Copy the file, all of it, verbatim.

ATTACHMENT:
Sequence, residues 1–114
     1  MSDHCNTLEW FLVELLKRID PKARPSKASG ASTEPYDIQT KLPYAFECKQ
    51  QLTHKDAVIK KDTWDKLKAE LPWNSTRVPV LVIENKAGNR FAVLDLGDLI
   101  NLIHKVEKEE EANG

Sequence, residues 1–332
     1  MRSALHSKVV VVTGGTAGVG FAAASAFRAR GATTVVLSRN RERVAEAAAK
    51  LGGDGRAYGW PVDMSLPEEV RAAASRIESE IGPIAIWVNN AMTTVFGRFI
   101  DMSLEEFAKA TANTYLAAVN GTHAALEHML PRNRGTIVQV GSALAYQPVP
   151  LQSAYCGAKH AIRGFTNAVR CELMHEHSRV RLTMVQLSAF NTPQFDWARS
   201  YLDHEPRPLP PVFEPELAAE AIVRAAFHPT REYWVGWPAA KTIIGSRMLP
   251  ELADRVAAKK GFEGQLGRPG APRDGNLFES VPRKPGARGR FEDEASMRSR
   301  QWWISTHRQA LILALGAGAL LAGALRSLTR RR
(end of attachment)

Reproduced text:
Sequence, residues 1–114
     1  MSDHCNTLEW FLVELLKRID PKARPSKASG ASTEPYDIQT KLPYAFECKQ
    51  QLTHKDAVIK KDTWDKLKAE LPWNSTRVPV LVIENKAGNR FAVLDLGDLI
   101  NLIHKVEKEE EANG

Sequence, residues 1–332
     1  MRSALHSKVV VVTGGTAGVG FAAASAFRAR GATTVVLSRN RERVAEAAAK
    51  LGGDGRAYGW PVDMSLPEEV RAAASRIESE IGPIAIWVNN AMTTVFGRFI
   101  DMSLEEFAKA TANTYLAAVN GTHAALEHML PRNRGTIVQV GSALAYQPVP
   151  LQSAYCGAKH AIRGFTNAVR CELMHEHSRV RLTMVQLSAF NTPQFDWARS
   201  YLDHEPRPLP PVFEPELAAE AIVRAAFHPT REYWVGWPAA KTIIGSRMLP
   251  ELADRVAAKK GFEGQLGRPG APRDGNLFES VPRKPGARGR FEDEASMRSR
   301  QWWISTHRQA LILALGAGAL LAGALRSLTR RR